Abstract: Documenting Disparities: Examining Effects of Race/Ethnicity and Behavior Infractions on School Disciplinary Practices (Society for Social Work and Research 23rd Annual Conference - Ending Gender Based, Family and Community Violence)

393P Documenting Disparities: Examining Effects of Race/Ethnicity and Behavior Infractions on School Disciplinary Practices

Friday, January 18, 2019
Continental Parlors 1-3, Ballroom Level (Hilton San Francisco)
* noted as presenting author
Kate Wegmann, PhD, MSW, Assistant Professor, University of Illinois at Urbana-Champaign, Urbana, IL
Brittanni Smith, MSW, Alumna, University of Illinois at Urbana-Champaign, Urbana, IL
Background and Purpose: Negative stereotypes of Black students, cultural mismatch between students and school staff, and the implementation of zero tolerance policies have contributed to widespread racial disproportionality in school disciplinary practices. Black students are more likely than White students to receive exclusionary discipline, and specifically more likely to receive it for minor infractions such as tardiness and disrespect. The purpose of this study was to examine racial disparities in exclusionary and non-exclusionary forms of discipline among Black and White students, and to investigate the impact of specific behavior infractions on the odds of experiencing each type of discipline.

Method: The sample comprised 4101 Black and White middle- and high school students who completed the School Success Profile, including information on self-reported frequency of behavior infractions at school and disciplinary consequences. Chi-square tests determined significant differences in experiences of each form of discipline between racial/ethnic groups. Binary logistic regression was used to determine the effects of demographic characteristics and behavior infractions on the odds of experiencing each form of discipline.

Results: Black students were statistically significantly more likely to experience all forms of discipline than White students, despite comprising 22% of the sample. Specifically, Black students were 40% more likely to experience a suspension and 29% more likely to receive an office referral compared to White peers, and Black boys were 432% more likely to report three or more suspensions. Black students were also significantly less likely than White students to receive non-exclusionary discipline such as teacher warnings in association with classroom misbehavior.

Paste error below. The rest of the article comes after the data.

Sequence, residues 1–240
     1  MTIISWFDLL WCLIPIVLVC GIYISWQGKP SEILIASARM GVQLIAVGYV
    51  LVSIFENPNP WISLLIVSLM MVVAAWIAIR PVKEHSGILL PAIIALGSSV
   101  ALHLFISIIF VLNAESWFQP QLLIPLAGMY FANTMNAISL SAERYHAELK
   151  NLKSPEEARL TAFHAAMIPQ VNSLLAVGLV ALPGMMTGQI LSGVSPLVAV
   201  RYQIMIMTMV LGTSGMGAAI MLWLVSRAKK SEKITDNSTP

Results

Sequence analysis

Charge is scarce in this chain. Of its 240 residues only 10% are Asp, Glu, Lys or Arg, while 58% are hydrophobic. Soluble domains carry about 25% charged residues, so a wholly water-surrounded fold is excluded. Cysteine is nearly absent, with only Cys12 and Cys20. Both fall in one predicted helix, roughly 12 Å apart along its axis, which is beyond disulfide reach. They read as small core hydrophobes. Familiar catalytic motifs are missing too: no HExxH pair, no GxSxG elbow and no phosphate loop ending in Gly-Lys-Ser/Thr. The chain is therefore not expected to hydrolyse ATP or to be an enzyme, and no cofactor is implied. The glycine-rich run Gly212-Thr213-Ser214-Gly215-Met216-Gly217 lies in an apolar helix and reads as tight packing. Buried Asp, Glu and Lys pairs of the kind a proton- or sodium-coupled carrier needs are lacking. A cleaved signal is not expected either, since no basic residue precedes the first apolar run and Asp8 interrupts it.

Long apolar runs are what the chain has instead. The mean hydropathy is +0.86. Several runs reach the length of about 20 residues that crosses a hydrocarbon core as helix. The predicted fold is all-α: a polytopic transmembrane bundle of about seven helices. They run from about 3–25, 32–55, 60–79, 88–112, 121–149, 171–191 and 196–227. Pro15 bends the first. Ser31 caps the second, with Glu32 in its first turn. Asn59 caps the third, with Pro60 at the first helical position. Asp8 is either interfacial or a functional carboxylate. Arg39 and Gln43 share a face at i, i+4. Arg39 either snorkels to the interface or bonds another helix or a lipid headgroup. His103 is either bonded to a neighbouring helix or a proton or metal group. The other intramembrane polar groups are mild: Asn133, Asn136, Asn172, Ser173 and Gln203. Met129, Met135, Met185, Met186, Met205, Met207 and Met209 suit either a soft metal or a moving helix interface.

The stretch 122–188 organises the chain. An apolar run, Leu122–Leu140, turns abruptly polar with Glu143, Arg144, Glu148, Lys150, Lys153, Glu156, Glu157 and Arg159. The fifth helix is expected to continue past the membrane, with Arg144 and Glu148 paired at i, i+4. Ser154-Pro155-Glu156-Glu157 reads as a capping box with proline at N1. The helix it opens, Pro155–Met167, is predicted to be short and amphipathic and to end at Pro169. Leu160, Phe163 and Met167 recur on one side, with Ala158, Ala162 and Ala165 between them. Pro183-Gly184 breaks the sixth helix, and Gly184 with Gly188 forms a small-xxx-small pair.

Conclusions and Implications: The current results are consistent with evidence demonstrating that Black students are more likely to receive exclusionary punishments and less likely to receive non-exclusionary consequences for similar behaviors compared to White students. Disproportionate use of exclusionary discipline means that Black students also disproportionately experience its negative effects such as truancy, involvement with juvenile justice, poor achievement, and increased risk of dropout. The current study also makes a unique contribution by examining racial/ethnic disparities in the odds of experiencing non-exclusionary discipline. Many studies of discipline disproportionality focus only on exclusionary practices, preventing understanding of whether such practices are part of a natural progression of consequences or given to students with little warning in response to minor infractions.

Policy implications include the elimination of zero tolerance policies and criminalization of school behavior problems to weaken the links between exclusionary discipline, involvement in the criminal justice system, and underachievement. In practice, clear school-level visions of educating diverse populations and detailed criteria for assigning discipline have been demonstrated to reduce disproportionate punishment of students of color. Fostering supportive and trusting relationships between school staff and students and increasing school belonging may help to reduce both inappropriate use of exclusionary discipline and student disengagement after discipline. Less-punitive discipline methods, like restorative justice programs, provide opportunities to hold students accountable while providing ways to positively re-engage with the school community.